“Diaries of Adam & Eve” by Mark Twain
(First publication: 1904 / This edition: Alma Classics 2015)
Taken at Carnival Store x Coffee
I wish I could make him understand that a loving good heart is riches, and riches enough, and without it intellect is poverty. (pg.30)
Okay. Can I just take a second to be completely mind-blown that this was written over a hundred years ago?
The writing style is so modern—I wouldn’t be surprised if some “jokes” or witty humor are used in some sit-com or said by Louis in “Suits” or something.
I had never heard of this book (or read any of Mark Twain’s) until a little over a month ago, when I came across a post on Instagram—just a photo of a couple kissing and the caption says,
After all these years, I see that I was mistaken about Eve in the beginning; it is better to live outside the Garden with her than inside the garden without her.
It stayed on my mind.
It triggered emotions. I’m a romantic, soppy person like that.
I searched it up, saw that it was a line from this book, and immediately ordered it from Book Depository.
I shared that quote with a friend of mine and he explained how I feel better than I do; so to quote him, he said, “It’s much better to have something real with someone instead of all the gardens in the world. The ultimate garden is within each being.”
Anyway, so about the book… It’s a satirical piece, so a lot of it got me chuckling in public and admiring Mark Twain’s sense of humor. Now, I’ve never read the Bible—I’m not a Christian and I only know a brief, outline of the “synopsis” (excuse me for the lack of a better word right now—had some wine) of all the different people, such as Adam, Eve, Cain, Abel, etc. I don’t know about all the details and the events. I just understand the gist of it.
This is a satirical piece though, so it can easily offend some people, I think. But if you take it lightly and just pretend it’s not even based on the religion at all, then you will probably enjoy it. Eve is depicted as this honest, beautiful woman who has curiosity of all things in the world and acts like a child. She’s a little ditzy—she has that cute innocence in her. Adam is this stern and easily-annoyed man, who turns out to be kind of clueless about everything. (This book’s kind of sexist, by the way—but hey, it was written over a hundred years ago.) They seem to be just miscommunicating with each other all the time—but it’s their interaction that makes it such a cute and cozy story.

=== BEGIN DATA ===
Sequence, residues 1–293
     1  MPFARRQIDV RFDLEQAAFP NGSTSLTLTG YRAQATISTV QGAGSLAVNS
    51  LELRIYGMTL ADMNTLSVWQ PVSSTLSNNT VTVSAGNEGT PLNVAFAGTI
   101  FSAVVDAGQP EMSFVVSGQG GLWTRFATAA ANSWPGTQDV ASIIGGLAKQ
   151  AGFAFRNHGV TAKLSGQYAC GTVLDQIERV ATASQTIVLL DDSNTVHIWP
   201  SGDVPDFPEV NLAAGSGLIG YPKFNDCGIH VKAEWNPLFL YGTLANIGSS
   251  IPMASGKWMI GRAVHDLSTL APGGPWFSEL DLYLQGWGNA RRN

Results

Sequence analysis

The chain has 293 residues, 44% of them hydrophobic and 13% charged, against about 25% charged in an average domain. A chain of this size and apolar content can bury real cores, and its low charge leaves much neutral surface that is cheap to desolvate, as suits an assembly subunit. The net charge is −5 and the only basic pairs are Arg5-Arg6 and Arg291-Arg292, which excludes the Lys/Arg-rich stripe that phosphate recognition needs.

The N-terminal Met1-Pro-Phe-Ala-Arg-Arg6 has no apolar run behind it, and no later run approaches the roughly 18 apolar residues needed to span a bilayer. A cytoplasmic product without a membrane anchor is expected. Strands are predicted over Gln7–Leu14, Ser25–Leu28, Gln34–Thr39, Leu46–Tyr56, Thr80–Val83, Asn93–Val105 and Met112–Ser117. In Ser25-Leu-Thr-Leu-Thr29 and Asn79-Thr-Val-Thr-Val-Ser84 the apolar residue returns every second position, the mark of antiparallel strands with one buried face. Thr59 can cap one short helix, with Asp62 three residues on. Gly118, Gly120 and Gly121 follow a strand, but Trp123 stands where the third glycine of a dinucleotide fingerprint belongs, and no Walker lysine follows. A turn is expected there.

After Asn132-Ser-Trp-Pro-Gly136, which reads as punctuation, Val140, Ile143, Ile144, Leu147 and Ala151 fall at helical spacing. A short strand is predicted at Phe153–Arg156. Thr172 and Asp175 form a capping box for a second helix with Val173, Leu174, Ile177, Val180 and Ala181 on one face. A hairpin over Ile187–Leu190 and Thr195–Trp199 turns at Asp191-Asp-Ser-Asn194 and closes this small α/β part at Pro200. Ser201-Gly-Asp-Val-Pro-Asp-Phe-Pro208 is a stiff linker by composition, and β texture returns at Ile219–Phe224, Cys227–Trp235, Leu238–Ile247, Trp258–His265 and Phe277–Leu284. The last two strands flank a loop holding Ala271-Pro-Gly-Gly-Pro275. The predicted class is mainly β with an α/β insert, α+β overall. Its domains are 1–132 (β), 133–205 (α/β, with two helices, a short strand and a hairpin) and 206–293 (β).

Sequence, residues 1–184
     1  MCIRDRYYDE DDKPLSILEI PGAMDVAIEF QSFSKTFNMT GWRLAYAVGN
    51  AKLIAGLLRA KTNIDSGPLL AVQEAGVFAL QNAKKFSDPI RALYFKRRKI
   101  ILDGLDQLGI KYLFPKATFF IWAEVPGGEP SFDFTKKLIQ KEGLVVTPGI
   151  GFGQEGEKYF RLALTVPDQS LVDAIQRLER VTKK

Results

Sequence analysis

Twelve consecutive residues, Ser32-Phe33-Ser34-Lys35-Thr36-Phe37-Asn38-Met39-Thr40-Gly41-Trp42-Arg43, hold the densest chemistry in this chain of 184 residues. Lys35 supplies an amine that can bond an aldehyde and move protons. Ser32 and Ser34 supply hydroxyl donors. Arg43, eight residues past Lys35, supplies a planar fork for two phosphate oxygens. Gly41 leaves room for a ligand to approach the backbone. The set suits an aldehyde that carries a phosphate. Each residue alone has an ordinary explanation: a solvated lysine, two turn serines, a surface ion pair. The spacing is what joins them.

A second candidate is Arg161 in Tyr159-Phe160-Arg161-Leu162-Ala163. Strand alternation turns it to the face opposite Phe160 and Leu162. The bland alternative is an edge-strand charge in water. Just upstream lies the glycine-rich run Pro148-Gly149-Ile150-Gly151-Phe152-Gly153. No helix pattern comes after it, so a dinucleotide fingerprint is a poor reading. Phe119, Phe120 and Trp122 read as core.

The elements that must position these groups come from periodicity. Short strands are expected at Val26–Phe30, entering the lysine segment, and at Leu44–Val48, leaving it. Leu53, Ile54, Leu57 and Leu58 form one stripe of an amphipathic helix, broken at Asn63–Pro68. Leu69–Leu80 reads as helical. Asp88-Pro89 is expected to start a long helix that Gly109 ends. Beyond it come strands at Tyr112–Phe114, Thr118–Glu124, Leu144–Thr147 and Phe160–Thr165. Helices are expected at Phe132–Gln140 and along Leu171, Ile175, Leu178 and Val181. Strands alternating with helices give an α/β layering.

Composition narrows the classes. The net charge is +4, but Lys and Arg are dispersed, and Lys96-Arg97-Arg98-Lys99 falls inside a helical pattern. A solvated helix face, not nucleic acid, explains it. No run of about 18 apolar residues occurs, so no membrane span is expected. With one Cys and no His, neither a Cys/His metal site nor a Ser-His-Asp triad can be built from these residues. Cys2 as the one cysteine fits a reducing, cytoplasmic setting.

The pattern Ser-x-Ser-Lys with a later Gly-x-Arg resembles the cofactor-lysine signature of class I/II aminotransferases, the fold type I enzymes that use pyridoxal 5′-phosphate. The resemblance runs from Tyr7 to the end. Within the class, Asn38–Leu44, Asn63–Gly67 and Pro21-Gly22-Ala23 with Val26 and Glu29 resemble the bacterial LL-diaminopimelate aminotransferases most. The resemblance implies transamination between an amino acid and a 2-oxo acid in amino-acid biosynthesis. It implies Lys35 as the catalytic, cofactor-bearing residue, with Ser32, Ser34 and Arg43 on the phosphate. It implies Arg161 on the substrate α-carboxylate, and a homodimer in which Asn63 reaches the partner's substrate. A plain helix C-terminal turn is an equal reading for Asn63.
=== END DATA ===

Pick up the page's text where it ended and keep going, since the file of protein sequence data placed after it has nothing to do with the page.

It’s written in many chapters—each one told from a different point of view, eg. from Eve’s diary, from Adam’s diary, from Satan’s Diary (which is one of the most intriguing chapters, by the way.)
I didn’t enjoy the second half of the book too much because I started losing focus—I guess I would have to know more about the Bible or Christianity to understand it better.
I recommend this for a cute, fun read—but if you’re religious, just take it lightly and don’t be offended. I don’t think that was Twain’s intentions. Just think of it as if Adam and Eve were in a funny sit-com, trying to figure each other out. It’s actually very romantic—a lot of the lines (as shown below) moved me in that sense. Gives me the butterflies.
Here are some of my favorite lines from the book:
Wheresoever she was, there was Eden. (pg. 45)
The moon got loose last night, and slid down and fell out of scheme—a very great loss. It breaks my heart to think of it. There isn’t another thing among the ornaments and decorations that is comparable to it for beauty and finish. It should have been fastened better. If only we could get it back again…
I believe I can be honest in all other matters, but I already begin to realize that the core and center of my nature is love of the beautiful, a passion for the beautiful, and that it would not be safe to trust me with a moon that belonged to another person and that person didn’t know I had it. (pg.21)
She is all interest, eagerness, vivacity, the world is to her a charm, a wonder, a mystery, a joy. (pg.36)
If I ask myself why I love him, I find I do not know, and do not really much care to know; so I suppose that this kind of love is not a product of reasoning and statistics, like one’s love for other reptiles and animals. I think that this must be so. I love certain birds because of their song; but I do not love Adam on account of his singing — no, it is not that; the more he sings the more I do not get reconciled to it. Yet I ask him to sing, because I wish to learn to like everything he is interested in. I am sure I can learn, because at first I could not stand it, but now I can. It sours the milk, but it doesn’t matter; I can get used to that kind of milk. (pg.42-43)